A waiter is the liaison between kitchen and diner. She/ he must intuit the tone of a kitchen, its cooks and what moods Chef is in. He/ she answers to a myriad of managers (hopefully, although I've worked in some restaurants that have no one in charge on the floor), needs to be on the good side of who's hosting (oftentimes this can be an alliance worth more money than either one would care to admit or have anyone know) hungry and impatient diners, and on top of it all, waiters must have multi-tasking skills far outweighing those of a juggling, elephant- training, acrobat.
At the end of their shift, if they're not shifty, waitstaff "tip out" bussers, bartenders, hosts, and (sometimes) dishwashers. And still, to this day, some diners don't have enough math skills to figure out percentages translating into the only language which waiters speak fluently: money.
A few years ago, well-spoken NY Times restaurant critic Frank Bruni went under-ground and became a waiter just to see how hard it was. "... I traded places and swapped perspectives, a critic joining the criticized, to get a taste of what servers go through and what we put them through, of how they see and survive us."
"How they survive us."
An apt line. Which brings me to my radical idea.
Many say that the only way to end America's wars in the Middle East would be to have a mandatory draft. If everyone could feel how war presses down on us all, then maybe we would be a little less clueless and apathetic.
My radical idea is this: I say we should have a mandatory service industry draft. I am the first to admit what a terrible waiter I make. I worked for over a decade behind a counter, tried on being a waiter once or twice, and now, although my position is called Chef, I cater to the needs of people I may never meet face to face. I am their servant, so to speak.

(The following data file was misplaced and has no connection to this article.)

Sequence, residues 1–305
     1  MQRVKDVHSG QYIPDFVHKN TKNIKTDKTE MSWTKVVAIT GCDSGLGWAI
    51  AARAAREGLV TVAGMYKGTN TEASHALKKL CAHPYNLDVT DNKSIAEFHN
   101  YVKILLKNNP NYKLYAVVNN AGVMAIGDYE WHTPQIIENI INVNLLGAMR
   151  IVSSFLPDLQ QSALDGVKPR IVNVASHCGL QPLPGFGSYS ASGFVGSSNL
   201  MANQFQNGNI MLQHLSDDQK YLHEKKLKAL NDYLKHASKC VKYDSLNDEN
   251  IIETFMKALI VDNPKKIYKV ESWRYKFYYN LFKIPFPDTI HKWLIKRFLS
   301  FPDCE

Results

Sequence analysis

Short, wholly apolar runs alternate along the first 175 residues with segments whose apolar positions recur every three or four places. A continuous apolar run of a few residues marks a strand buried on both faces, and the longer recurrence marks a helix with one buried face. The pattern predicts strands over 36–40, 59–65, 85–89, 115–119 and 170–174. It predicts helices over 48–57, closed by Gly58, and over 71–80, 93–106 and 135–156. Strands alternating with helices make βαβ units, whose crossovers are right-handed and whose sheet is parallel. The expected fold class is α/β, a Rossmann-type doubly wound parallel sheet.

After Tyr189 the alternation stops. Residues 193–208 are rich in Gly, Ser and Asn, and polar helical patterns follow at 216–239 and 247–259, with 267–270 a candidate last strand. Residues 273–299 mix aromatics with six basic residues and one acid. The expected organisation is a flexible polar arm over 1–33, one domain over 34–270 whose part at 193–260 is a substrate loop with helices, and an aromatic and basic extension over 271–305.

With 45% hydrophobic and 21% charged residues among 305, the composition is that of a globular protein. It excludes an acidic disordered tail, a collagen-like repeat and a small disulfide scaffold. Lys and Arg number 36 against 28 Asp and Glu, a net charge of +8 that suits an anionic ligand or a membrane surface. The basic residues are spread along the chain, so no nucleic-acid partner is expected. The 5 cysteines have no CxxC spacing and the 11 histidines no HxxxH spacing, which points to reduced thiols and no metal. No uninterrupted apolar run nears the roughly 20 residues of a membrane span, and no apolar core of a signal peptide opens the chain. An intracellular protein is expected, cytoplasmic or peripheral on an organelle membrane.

I'm in the pleasure business. In the business of pleasuring people.
And when you've catered to stranger's needs, not because it was fun, but because it was paying your way in the world, your compassion gear shifts and fires on a denser oil, through a different, more varied, set of pistons. Your ability to assess the whole situation, not merely your own, changes. When you wait on people all day who treat you like a servant, like you're stupid for the mere fact of creating their double-decaf-single-shot-soy-mocha latte with extra foam or bagging your croissant or pointing you in the direction of the clear, waterproof band-aids, you tend to become a different customer when it's you looking for the newest gadget at Sur La Table or bagging onions at the farmers' market or ordering your sweater over the phone.
In the United States we don't treat front of house staff like professionals. We assume they're writers and musicians and actors or students saving money for the other thing they'd rather be doing. Diners and restaurant management staff treat them like this, so it would make sense that most waiters do not treat themselves like professionals. If the circle turned in a different direction, imagine what kind of service you'd have!
My inner cook folds her arms angrily and pouts. "Why are you standing up for them? Look how much money they make!" Yes, you'd think a person who takes home 15-30%, working in a business that makes, overall, at the end of all that's said and done, about 3-5%, selling a product made by persons earning one third to one tenth (yes, this is not an exaggeration) what said staff will take home in a year, might want to work a little harder, for you, the diner, and me, the kitchen manager and food creator, but...
maybe we will all remain complacent, lazy and apathetic until our name is called in the: